NSA’s plan to address the problem included reforms to the training institute and on-site instruction to bring existing linguists up to higher levels. The agency planned to invest about $80 million per year in training over five years. Other efforts included an internal online language training tool, an evaluation of redundant Arabic machine translation projects underway in various government agencies, and the formation of a language technology team within the NSA.
Sometimes metadata isn’t enough and the NSA decides it needs to compromise targets’ computers to collect much more data. The first half of 2004 saw a ramp-up of NSA’s hacking capabilities. In March, SIDtoday reported, the agency’s elite hacking team Tailored Access Operations approved Kunia Regional Security Operations Center in Hawaii — the same facility where Edward Snowden later worked — as the first NSA field office to conduct “advanced” Computer Network Exploitation. Other facilities conduct the first stage of hacking, “target mapping,” but the Kunia facility began doing “vulnerability scanning” all the way through to “sustained SIGINT collection.”
Another March SIDtoday article said that an advanced network analysis division used to help “exploit targets of interest” had “played an instrumental part” in capturing alleged al Qaeda operative Husam al-Yemeni, had developed a “more complete understanding of the Pakistani Army Defense Network (ADN) infrastructure,” and had assisted with the hacking of “an important digital network associated” with the leader of Venezuela at the time, referred to erroneously as “Victor Chavez.”
The NSA was so successful at hacking networks that the agency was overwhelmed with information. “We simply do not have enough network analysts to effectively monitor these targeted networks,” an NSA division chief wrote in an April 2004 SIDtoday article. To solve the problem, the agency began prototyping an automated monitoring system.
Even as the NSA made enormous efforts to collect vast quantities of private communications, a lone SIDtoday article extolled the value of publicly available data. The piece, from May 2004, gushed about a Defense Intelligence Agency analyst who dug up leads by poring over Russian material that was “open source.” The DIA bookworm searched in newspapers, government documents, and “obscure websites” for information that aided the NSA in collecting intelligence, including names, telephone numbers, and addresses. The article, co-authored by an NSA director with responsibility for Russia, praised the analyst’s “outstanding language and research skills.” It turned out that “critical lead information” on Russian underground facilities, including a mysterious and widely discussed site at Yamantau Mountain in the Urals, was “often only available in open source literature, such as the Internet.”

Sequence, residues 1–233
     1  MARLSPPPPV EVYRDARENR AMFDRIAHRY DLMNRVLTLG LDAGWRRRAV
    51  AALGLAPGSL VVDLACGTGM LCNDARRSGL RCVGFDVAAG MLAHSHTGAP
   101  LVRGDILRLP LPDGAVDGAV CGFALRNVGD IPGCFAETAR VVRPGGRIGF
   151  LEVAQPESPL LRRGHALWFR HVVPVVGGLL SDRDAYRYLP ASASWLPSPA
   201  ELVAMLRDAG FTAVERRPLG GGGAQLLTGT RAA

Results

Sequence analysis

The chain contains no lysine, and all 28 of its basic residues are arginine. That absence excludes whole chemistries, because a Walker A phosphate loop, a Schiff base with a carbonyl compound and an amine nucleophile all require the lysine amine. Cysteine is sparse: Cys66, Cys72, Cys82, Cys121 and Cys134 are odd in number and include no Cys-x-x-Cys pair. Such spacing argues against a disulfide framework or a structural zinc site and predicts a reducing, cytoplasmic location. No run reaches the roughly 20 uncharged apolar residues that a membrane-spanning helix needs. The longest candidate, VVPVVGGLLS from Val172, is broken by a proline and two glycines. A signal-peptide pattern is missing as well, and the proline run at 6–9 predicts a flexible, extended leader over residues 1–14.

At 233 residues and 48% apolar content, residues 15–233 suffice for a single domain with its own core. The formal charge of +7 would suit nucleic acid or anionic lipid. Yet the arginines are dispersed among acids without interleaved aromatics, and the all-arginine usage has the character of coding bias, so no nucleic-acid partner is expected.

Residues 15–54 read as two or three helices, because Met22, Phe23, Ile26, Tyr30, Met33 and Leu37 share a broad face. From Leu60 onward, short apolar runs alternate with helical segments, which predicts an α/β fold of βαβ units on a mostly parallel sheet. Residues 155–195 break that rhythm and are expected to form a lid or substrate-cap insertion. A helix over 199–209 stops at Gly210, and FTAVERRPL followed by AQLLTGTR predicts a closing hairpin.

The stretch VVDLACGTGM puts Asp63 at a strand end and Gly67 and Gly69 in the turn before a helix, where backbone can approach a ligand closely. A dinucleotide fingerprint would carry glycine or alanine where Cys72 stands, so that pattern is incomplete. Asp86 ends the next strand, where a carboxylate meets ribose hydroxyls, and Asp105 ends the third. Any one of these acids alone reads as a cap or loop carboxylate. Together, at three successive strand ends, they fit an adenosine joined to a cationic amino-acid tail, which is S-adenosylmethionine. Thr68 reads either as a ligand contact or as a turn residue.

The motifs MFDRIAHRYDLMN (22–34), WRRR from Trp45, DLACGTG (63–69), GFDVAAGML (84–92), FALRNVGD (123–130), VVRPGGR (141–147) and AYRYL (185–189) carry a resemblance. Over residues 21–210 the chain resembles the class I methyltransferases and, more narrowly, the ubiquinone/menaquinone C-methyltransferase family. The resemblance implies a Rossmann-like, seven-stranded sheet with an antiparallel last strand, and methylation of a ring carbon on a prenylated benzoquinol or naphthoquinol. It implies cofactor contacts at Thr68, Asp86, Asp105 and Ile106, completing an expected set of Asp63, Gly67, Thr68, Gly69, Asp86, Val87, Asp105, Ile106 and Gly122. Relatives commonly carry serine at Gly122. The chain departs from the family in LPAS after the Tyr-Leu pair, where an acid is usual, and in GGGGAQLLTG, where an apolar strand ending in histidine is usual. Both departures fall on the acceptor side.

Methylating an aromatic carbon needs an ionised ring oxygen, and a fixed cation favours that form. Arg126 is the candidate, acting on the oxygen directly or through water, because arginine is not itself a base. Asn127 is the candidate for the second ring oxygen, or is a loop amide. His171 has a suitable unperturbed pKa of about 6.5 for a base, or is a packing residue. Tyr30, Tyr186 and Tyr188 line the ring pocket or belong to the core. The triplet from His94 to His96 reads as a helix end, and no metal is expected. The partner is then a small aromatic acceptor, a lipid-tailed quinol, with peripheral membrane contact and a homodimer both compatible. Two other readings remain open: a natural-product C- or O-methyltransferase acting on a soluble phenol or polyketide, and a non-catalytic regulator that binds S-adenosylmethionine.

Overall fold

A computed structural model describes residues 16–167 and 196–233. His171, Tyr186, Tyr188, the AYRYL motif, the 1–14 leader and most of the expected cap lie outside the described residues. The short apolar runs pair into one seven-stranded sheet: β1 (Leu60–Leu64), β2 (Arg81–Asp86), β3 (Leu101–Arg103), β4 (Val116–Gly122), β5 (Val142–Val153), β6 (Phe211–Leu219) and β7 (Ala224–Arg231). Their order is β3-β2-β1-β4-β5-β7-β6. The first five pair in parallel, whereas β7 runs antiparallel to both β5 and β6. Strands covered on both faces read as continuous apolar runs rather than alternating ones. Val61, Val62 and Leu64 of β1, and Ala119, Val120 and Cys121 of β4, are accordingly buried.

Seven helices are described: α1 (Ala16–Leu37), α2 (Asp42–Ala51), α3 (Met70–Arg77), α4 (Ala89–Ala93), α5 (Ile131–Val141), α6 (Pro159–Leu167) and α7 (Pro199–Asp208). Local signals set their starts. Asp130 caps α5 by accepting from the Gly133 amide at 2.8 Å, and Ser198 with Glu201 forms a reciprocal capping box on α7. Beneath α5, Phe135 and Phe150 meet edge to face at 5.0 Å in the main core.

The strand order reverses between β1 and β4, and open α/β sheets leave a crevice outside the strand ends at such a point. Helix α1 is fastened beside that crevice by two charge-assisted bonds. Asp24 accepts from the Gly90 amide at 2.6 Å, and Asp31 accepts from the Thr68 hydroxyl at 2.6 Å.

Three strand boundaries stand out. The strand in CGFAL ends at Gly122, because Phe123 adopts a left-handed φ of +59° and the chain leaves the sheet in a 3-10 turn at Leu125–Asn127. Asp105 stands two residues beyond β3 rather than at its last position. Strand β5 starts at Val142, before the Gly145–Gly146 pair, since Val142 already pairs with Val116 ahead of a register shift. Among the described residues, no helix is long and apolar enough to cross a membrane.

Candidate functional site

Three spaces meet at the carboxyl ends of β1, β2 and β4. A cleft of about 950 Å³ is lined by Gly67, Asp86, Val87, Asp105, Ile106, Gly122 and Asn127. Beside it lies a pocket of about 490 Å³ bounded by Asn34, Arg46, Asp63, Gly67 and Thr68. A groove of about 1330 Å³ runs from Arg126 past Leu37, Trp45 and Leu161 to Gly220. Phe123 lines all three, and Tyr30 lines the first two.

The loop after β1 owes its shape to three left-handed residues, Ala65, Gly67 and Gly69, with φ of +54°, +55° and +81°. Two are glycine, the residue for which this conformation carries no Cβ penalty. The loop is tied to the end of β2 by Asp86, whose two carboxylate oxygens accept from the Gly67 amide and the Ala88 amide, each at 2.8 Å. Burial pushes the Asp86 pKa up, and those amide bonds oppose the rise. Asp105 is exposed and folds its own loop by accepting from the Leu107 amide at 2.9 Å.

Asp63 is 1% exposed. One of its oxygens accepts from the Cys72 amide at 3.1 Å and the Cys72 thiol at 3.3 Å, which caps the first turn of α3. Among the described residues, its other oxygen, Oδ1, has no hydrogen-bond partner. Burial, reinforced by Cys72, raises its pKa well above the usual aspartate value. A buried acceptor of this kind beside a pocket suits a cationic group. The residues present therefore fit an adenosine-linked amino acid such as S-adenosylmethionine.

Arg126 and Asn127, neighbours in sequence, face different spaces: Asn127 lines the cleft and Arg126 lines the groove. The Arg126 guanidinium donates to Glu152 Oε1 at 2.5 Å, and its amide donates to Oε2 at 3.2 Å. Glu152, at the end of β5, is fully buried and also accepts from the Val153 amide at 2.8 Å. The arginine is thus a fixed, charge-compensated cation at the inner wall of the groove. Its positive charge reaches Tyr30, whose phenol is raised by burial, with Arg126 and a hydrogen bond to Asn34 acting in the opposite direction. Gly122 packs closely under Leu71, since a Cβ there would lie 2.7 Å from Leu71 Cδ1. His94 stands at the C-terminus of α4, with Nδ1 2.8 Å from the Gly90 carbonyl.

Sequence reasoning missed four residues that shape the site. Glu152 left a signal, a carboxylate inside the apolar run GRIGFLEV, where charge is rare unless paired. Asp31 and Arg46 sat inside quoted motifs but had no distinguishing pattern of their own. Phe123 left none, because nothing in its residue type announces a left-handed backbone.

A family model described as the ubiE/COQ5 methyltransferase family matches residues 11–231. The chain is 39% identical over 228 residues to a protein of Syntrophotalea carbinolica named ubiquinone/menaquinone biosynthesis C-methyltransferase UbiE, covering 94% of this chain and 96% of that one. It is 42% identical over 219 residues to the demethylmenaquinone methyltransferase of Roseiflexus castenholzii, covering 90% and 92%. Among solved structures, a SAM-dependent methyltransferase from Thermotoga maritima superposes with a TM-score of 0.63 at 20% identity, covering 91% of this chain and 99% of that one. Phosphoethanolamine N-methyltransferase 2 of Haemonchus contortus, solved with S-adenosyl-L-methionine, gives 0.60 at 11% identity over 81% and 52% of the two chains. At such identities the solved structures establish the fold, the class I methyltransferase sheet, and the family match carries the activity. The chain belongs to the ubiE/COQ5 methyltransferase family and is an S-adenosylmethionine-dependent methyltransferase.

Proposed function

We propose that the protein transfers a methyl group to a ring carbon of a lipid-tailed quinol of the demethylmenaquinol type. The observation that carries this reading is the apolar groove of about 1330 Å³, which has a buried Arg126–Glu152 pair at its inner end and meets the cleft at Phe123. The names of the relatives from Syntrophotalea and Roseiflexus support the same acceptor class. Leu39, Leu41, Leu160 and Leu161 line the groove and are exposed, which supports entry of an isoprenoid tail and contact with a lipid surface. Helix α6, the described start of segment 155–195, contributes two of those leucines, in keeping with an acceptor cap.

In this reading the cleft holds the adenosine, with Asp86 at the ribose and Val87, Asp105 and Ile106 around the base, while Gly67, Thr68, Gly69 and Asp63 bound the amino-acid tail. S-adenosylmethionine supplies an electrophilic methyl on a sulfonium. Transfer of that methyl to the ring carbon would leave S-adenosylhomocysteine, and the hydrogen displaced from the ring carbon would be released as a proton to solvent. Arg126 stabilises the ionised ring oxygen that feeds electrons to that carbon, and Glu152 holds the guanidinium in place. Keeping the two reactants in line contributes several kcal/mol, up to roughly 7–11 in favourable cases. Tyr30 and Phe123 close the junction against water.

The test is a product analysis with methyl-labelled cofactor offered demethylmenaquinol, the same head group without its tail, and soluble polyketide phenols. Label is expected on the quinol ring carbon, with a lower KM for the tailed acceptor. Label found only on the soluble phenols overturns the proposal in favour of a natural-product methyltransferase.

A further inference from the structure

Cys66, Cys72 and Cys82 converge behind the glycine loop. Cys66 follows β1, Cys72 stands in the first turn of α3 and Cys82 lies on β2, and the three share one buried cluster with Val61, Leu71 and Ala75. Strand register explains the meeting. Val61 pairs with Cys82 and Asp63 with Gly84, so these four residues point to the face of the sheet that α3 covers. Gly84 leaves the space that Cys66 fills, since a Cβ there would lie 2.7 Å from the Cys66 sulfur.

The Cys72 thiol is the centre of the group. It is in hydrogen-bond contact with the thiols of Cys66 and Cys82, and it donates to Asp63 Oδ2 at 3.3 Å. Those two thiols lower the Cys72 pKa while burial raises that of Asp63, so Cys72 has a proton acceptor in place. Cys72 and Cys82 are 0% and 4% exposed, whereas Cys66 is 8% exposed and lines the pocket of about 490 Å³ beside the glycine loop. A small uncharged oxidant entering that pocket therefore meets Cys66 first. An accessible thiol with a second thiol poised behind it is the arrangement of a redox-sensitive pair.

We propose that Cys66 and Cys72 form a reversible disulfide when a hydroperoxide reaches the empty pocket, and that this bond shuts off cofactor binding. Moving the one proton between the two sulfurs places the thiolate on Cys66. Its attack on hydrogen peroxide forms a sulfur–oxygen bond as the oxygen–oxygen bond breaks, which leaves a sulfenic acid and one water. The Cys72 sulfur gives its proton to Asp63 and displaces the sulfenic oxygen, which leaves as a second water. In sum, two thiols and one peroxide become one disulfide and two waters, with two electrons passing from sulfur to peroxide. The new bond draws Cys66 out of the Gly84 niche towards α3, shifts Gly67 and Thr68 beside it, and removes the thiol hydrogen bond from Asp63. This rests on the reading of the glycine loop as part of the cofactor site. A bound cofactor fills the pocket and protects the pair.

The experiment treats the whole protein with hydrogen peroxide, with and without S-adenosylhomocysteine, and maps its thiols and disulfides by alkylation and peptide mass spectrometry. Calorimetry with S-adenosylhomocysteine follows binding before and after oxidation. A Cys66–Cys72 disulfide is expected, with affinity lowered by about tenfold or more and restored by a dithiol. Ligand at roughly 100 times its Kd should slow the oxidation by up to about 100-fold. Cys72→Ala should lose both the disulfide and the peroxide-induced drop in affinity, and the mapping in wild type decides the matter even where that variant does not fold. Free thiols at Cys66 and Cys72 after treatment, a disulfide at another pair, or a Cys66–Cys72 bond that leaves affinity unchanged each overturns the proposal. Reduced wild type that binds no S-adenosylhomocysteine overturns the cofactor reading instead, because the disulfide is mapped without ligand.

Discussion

Knowing how much intelligence value could be reaped from openly circulated information, the NSA worked to encourage discretion among members of its workforce. NSA employees practiced poor operational security on a “monthly” basis by disclosing too much information in restaurants and other public settings near the agency’s Fort Meade headquarters, an agency security manager indicated in a tutorial on operational security that ran in SIDtoday in April 2004.
The article used a hypothetical scenario to explain why operational security, or OPSEC, was important for everyone. The author, OPSEC manager for the NSA’s Signals Intelligence Directorate, wrote: “You’re at a luncheon at a local restaurant to bid farewell to Sue, a co-worker who is moving on to a new office.” Your boss makes a toast to Sue, describing her contributions against organized crime and offering various details of her work. Sue then gives a toast thanking some of the gathered individuals.
“Sound familiar?” the OPSEC manager asked. “Then you’ve witnessed (or perhaps participated in) a demonstration of poor OPSEC. … Have you ever stopped to consider what your unclassified public discussions might be giving away? Take the scenario, for instance. This is a scene that is played out monthly in the Fort Meade area.” The article went on to list the pieces of information that an adversary, who could have been listening in from a nearby table, would have learned.
OPSEC turned out to be a recurring theme for SIDtoday — OPSEC training is, after all, mandatory for all NSA personnel. A January 2004 article, written by the author of the April 2004 piece, listed some tips to help personnel to apply OPSEC to their day-to-day activities: Identify your critical information, analyze the threat, identify vulnerabilities, assess risk, and apply countermeasures.
NSA employees aren’t the only ones trained to practice good OPSEC. A March 2005 article reported that the leaders of Venezuela and Cuba practiced OPSEC successfully. President Bush considered Venezuelan President Hugo Chavez a “threat to democracy in the region and a threat to U.S. interests in particular.” But “from a SIGINT perspective, Venezuela poses a particularly difficult challenge. With Castro as his mentor, Chavez has learned the importance of communications security and has made sure that his subordinates understand this as well.”